Market Analysis

What September Jobs Tell—and Don’t Tell—Investors

Friendly reminder: Jobs won’t tell you much about the recovery’s direction or policymakers’ decisions.

According to the US Bureau of Labor Statistics (BLS), nonfarm payrolls added 194,000 jobs last month while the unemployment rate fell to 4.8% from August’s 5.2%.[i] In a vacuum, September’s numbers look just fine: jobs up, unemployment down. Yet disappointment dominated most coverage, with many pundits arguing the smallest monthly job gain since December 2020 showed the Delta variant’s harmful economic impact. In our view, that is a bridge too far. Backward-looking jobs data won’t reveal much about the economy’s health today, let alone its future direction—worthwhile perspective for investors to keep in mind, in our view.

For one, the latest jobs numbers may not be as weak as they appear. Government jobs were the biggest detractor in September, falling -123,000 m/m.[ii] The education sector drove the drop, as public school jobs fell by -144,000 m/m.[iii] However, this doesn’t mean schools laid off staff and faculty in droves—rather, these numbers reflect seasonal adjustments. Since many economic data series fluctuate depending on the time of year, reporting agencies apply adjustments to account for expected skew, making it easier to do month-to-month comparisons.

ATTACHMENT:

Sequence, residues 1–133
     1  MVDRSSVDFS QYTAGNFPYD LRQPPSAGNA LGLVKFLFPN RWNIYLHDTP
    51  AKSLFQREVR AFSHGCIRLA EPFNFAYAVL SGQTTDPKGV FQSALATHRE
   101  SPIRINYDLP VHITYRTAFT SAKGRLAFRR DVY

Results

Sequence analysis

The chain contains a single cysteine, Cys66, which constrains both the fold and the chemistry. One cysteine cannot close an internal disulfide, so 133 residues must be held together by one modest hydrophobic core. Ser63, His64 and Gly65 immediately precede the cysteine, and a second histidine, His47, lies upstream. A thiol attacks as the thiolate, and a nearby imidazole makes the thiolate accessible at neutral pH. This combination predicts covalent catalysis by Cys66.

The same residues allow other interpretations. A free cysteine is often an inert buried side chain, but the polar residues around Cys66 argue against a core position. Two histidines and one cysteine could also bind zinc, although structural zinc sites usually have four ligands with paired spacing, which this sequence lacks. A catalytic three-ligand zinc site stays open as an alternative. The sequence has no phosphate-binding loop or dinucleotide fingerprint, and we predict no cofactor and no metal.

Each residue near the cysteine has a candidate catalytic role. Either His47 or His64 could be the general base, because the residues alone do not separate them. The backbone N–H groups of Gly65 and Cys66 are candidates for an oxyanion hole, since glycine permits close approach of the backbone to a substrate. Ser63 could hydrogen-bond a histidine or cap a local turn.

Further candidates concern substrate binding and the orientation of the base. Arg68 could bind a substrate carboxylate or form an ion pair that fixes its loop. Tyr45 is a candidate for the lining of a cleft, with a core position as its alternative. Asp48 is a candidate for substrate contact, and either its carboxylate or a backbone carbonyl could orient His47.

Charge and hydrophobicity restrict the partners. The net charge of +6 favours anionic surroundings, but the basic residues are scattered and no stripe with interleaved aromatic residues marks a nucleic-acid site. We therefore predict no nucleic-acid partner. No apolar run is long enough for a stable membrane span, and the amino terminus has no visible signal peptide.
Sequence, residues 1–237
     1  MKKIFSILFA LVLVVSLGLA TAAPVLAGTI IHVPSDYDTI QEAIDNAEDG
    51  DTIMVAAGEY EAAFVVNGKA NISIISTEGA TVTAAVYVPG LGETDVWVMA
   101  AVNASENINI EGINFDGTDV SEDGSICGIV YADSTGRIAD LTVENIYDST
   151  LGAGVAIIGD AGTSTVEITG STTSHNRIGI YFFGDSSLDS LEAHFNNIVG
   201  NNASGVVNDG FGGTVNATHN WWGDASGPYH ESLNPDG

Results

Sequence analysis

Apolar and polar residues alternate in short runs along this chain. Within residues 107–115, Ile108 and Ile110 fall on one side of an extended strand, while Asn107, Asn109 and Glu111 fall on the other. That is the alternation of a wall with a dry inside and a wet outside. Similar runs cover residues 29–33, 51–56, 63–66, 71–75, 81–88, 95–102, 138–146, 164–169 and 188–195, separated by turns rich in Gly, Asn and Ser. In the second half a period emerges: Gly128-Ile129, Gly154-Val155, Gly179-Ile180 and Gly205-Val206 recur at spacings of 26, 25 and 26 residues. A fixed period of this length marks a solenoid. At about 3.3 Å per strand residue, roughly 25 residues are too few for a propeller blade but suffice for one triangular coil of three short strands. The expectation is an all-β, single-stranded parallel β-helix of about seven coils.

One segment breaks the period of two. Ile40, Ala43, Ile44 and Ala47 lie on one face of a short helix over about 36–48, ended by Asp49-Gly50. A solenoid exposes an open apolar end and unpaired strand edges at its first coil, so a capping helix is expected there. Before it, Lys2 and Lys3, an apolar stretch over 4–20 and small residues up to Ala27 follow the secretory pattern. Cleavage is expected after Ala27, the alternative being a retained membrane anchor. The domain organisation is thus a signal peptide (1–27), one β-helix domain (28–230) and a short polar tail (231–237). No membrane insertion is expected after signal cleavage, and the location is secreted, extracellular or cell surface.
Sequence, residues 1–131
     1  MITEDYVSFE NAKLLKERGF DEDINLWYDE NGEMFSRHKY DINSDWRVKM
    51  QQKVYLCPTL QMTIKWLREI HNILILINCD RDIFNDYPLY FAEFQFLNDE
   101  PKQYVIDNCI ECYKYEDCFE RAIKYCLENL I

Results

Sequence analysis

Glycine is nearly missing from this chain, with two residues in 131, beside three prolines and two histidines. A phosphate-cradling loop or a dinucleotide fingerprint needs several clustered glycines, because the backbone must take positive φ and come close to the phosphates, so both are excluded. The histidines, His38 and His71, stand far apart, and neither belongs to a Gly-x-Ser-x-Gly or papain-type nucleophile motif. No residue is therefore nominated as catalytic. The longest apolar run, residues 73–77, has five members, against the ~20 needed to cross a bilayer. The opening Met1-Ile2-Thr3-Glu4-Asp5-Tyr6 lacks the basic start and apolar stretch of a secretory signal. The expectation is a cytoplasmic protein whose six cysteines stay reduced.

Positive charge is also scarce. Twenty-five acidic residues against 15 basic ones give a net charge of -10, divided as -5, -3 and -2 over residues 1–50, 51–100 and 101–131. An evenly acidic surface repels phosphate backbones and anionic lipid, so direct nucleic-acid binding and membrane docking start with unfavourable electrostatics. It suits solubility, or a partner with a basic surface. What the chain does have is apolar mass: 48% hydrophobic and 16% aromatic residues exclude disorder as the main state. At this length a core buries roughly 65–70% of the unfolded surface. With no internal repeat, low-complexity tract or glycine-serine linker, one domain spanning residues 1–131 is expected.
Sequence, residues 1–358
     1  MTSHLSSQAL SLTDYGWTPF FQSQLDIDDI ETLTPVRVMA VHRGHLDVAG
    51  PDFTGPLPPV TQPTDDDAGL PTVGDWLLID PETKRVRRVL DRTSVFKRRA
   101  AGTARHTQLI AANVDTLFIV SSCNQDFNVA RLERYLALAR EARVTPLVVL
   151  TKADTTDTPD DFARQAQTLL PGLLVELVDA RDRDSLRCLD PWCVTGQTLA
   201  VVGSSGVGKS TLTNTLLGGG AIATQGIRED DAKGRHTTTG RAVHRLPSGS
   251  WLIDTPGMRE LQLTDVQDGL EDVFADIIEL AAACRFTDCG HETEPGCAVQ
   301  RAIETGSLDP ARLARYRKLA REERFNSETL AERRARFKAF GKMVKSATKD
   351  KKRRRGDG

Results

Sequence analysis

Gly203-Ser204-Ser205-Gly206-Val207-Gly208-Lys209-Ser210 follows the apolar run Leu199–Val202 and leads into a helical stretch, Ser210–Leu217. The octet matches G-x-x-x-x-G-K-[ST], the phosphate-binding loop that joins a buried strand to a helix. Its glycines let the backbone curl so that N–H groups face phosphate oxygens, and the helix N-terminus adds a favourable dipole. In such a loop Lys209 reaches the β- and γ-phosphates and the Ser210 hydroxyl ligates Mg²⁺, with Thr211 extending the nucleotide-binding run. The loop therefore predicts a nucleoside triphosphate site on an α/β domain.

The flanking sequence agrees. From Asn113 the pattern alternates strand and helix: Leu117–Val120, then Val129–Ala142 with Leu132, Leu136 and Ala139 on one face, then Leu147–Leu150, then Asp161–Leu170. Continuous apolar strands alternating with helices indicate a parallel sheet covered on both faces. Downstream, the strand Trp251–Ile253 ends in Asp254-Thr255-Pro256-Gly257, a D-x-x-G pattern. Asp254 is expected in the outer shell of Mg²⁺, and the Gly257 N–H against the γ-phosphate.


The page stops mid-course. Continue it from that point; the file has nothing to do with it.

As the BLS noted, “Most back-to-school hiring typically occurs in September. Hiring this September was lower than usual, resulting in a decline after seasonal adjustment. Recent employment changes are challenging to interpret, as pandemic-related staffing fluctuations in public and private education have distorted the normal seasonal hiring and layoff patterns.”[iv] Reopening schools did hire people in September—public school jobs rose by 718,000 m/m on a non-seasonally adjusted basis—just not as many as they would have in a typical year.[v]

Beyond calculation quirks, we saw many pundits cite September’s jobs report as evidence of the Delta variant’s hamstringing the economic recovery. Many focused on the labor-force participation rate—the percentage of the population either working or looking for work—as proof many workers haven’t rejoined the workforce due to COVID-related factors, including burnout, childcare, fear of the virus and living off savings and/or government benefits. September’s rate was 61.6%, a notch down from August’s 61.7%. While up from April 2020’s pandemic low of 60.2%, it remains noticeably below January 2020’s pre-lockdown 63.4%.[vi]

Though some analysts worry low labor force participation robs the economy of workers to drive growth, we think it is premature to declare anything here a new normal. Yes, a lack of workers can be a headwind if it means businesses can’t keep up with demand, but companies have ways to address labor shortages. For example, they can raise wages to attract workers. Besides anecdotal evidence—see fast food restaurants and warehouses offering $1,000 signing bonuses—average hourly earnings have risen six straight months.[vii] While wage data can vary widely across different industries, the BLS suggested the large month-on-month earnings increases since March were tied at least partially to rising labor demand.[viii] In addition to hiring more workers, businesses can also find productivity gains elsewhere—e.g., investing in automation and robots. These technologies aren’t a quick fix, but the pandemic has accelerated the longer-running automation trend, particularly in shipping and hospitality. Investment in new technologies to improve productivity amid a labor shortage also adds to economic growth.